4Provides organization that often reflects clarity of purpose with a structure, supporting details, and transitions.

3Acceptable organization that underscores purpose; supporting details, while present, are not abundant; transitions are often but not always smooth for readers

2Organization does not support purpose; it is hard for readers to discern structure of text. Generalities used in support of ideas.

1There is no organization in the essay.

Usage and Mechanics

5Word choices are highly appropriate for intended audience; sentences are varied; there are no errors in punctuation, spelling, or grammar.

4Word choices are often appropriate for intended audience; sentences are usually varied; there are limited errors in punctuation, spelling, or grammar.

3Word choices are occasionally appropriate for intended audience; sentences are sometimes varied; there are errors in punctuation, spelling, or grammar.

2Word choices are seldom appropriate for intended audience; sentences are not varied, there are many errors in punctuation, spelling, or grammar.

1Word choices are inappropriate and confusing to intended audience; sentences are elementary or nonexistent; writing show no effort in addressing proper conventions of punctuation, spelling, or grammar.

Find out more about using this rubric.

Essay 1

The Island of Dr. Moreau

In The Island of Dr. Moreau, H. G. Wells uses internal conflict to portray the struggle that Prendrick had with himself after he found out about the experiments Montgomery and Dr. Moreau performed on the Beast folk. H. G. Wells shows the reader two sides of the internal conflict. Prendrick has a problem with the experiments performed on the Beast folk, even though he doesn’t like what Dr. Moreau does he has to except it in order to survive. After learning more about the experiments he ends up not agreeing with Dr. Moreau and why he performs them, however in order to survive on the island he has to overcome his internal conflict.

When Prendrick arrives on the island he is ignorant of the experiments that takes place. Montgomery and Dr. Moreau sit Prendrick down and explain to him what is going on and what they do in their experiments. Once Prendrick has an understanding of what is going on, he decides not to agree with Dr. Moreau’s activities.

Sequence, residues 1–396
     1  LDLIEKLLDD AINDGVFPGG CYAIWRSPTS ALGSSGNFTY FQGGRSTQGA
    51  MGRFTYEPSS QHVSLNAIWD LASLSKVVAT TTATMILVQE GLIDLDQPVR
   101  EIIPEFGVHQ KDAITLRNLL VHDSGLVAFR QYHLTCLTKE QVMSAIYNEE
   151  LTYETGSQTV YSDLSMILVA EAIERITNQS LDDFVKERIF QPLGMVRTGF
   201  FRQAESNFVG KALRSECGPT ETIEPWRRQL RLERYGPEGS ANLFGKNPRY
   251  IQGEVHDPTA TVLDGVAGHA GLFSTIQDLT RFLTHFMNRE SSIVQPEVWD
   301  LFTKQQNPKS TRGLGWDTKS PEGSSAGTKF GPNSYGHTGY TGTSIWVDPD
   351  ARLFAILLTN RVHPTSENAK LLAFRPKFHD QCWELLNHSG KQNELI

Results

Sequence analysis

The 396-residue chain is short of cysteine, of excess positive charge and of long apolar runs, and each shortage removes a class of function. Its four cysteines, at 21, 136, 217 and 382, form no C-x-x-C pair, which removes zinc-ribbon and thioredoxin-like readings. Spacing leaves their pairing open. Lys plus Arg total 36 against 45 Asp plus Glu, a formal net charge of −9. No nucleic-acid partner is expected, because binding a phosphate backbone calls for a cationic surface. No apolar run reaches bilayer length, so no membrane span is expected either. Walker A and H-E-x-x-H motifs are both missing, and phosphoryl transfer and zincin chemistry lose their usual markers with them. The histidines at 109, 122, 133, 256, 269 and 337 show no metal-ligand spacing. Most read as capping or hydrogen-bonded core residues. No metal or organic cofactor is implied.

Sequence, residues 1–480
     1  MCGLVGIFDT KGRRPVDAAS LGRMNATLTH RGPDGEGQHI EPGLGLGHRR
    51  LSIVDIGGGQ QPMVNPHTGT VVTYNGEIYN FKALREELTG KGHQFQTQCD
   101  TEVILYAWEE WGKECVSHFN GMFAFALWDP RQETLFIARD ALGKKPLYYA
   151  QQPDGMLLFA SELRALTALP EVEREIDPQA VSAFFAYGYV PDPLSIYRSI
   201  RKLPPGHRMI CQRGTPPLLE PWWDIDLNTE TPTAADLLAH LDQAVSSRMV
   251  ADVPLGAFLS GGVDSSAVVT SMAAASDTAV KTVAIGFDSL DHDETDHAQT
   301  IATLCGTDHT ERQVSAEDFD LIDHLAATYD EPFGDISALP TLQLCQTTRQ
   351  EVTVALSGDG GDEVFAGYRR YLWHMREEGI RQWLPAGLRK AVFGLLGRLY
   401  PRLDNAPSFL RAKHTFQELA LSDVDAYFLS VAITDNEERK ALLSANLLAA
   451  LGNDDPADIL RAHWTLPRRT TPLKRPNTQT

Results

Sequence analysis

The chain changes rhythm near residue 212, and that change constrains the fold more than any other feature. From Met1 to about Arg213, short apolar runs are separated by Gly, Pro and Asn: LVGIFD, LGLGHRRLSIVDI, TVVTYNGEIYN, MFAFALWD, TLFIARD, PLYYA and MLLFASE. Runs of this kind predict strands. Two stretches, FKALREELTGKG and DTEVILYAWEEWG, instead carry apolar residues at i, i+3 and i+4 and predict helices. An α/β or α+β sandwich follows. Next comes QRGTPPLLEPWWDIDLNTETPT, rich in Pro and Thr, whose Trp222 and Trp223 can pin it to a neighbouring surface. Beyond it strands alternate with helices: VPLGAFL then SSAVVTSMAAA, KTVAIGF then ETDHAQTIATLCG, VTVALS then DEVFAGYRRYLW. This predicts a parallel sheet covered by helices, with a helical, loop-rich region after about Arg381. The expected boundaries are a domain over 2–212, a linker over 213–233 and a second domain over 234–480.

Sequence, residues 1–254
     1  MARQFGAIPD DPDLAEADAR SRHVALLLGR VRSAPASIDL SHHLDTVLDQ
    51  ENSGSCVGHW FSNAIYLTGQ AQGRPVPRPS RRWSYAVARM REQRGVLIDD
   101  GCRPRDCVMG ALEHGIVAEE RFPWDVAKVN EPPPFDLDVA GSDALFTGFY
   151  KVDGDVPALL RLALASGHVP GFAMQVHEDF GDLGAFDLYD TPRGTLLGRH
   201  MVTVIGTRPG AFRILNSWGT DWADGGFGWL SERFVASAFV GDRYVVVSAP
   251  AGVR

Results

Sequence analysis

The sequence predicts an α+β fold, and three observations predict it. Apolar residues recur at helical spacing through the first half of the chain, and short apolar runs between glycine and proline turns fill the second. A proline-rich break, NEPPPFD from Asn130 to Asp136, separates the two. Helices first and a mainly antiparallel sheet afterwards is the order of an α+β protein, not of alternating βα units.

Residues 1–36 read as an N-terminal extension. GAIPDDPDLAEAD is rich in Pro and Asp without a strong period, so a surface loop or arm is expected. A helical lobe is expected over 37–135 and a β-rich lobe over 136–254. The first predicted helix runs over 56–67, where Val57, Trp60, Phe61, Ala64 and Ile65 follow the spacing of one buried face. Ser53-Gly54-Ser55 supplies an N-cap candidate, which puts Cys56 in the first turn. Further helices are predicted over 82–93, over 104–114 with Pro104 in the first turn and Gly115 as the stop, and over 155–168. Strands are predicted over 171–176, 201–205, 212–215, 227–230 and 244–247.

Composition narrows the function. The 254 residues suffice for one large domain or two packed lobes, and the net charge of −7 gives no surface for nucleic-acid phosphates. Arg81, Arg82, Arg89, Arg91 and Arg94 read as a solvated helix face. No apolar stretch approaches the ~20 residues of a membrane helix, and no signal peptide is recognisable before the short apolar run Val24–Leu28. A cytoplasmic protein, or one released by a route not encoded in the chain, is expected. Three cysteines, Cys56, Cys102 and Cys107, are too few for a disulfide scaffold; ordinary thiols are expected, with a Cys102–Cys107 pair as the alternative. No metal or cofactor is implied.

After learning about the experiments, Prendrick has to participate in order to survive. He realizes this after Montgomery and Moreau were killed. The internal conflict that Prendrick now deals with is overwhelming. He conquers it at the end of the novel, when he becomes the only man left. While Prendrick disapproved of the experiments Dr. Moreau performed, he was the only one who survived the Beast folk. Prendrick suffered with his internal conflict, but at the end he came out strong. He made it though the “survival of the fittest”. A person is willing to conceal his or her own beliefs in order to survive.

Essay 2

Analyzing the Setting in The Island of Dr. Moreau

In his novel The Island of Dr. Moreau, H. G. Wells uses the setting to show Dr. Moreau’s position on the island. The setting is like the Garden of Eden and Dr. Moreau is like God.

The island symbolizes the Garden of Eden in the sense that new things are being created. At first, the island was beautiful and serene with nothing on it. Then natural things such as plant life started to show up and the whole island changes. The island like the Garden of Eden gave birth to the nature the world knows of today.

Dr. Moreau’s position is obvious and quite clear. If the island represents the Garden of Eden, then Dr. Moreau represents God. He is creating animals in his own image, as human as possible. “This time I will burn out all the animal.”(Wells 89). A person can not be God. With people there is always a chance for mistakes. Dr. Moreau was never satisfied, “Something in everything I do that defeats me, makes me dissatisfied, challenges me to further effort.”(Wells 88). He tries and tried again yet at the end he fails.

The novel depicts the symbols of the Garden of Eden and God. The island represents the Garden of Eden and Dr. Moreau, God. The island like the Garden is continuously giving birth to new forms and is completely changing. Dr. Moreau, thinking that he is like God, tries to create animals into human beings only to find out that he would fail. One should never think to highly of oneself. He or she will only fail.

Essay 3

The Characterization of Prendrick

The Island of Dr, Moreau, by H. G. Wells, is a horror story written in the first person. Prendrick, the main character and only survivor from the island, tells about his journey to the island and the horrific things he encountered during his stay there. At different stages throughout the novel Prendrick was characterized as being first innocent, then confused and lastly horrified by the creations on the island.